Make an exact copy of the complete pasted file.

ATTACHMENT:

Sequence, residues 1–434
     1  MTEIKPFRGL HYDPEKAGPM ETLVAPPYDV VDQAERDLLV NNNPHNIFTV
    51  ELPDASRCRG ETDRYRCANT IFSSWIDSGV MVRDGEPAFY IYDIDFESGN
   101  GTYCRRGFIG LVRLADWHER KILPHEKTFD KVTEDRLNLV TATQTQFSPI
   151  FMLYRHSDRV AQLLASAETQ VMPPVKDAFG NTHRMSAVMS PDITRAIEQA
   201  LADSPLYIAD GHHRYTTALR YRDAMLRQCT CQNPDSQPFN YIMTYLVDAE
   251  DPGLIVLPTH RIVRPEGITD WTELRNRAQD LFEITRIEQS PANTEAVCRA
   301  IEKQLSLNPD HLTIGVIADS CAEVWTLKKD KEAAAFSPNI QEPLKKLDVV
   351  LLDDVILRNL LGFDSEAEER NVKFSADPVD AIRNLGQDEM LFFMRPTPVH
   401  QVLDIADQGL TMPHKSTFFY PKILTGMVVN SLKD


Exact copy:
Sequence, residues 1–434
     1  MTEIKPFRGL HYDPEKAGPM ETLVAPPYDV VDQAERDLLV NNNPHNIFTV
    51  ELPDASRCRG ETDRYRCANT IFSSWIDSGV MVRDGEPAFY IYDIDFESGN
   101  GTYCRRGFIG LVRLADWHER KILPHEKTFD KVTEDRLNLV TATQTQFSPI
   151  FMLYRHSDRV AQLLASAETQ VMPPVKDAFG NTHRMSAVMS PDITRAIEQA
   201  LADSPLYIAD GHHRYTTALR YRDAMLRQCT CQNPDSQPFN YIMTYLVDAE
   251  DPGLIVLPTH RIVRPEGITD WTELRNRAQD LFEITRIEQS PANTEAVCRA
   301  IEKQLSLNPD HLTIGVIADS CAEVWTLKKD KEAAAFSPNI QEPLKKLDVV
   351  LLDDVILRNL LGFDSEAEER NVKFSADPVD AIRNLGQDEM LFFMRPTPVH
   401  QVLDIADQGL TMPHKSTFFY PKILTGMVVN SLKD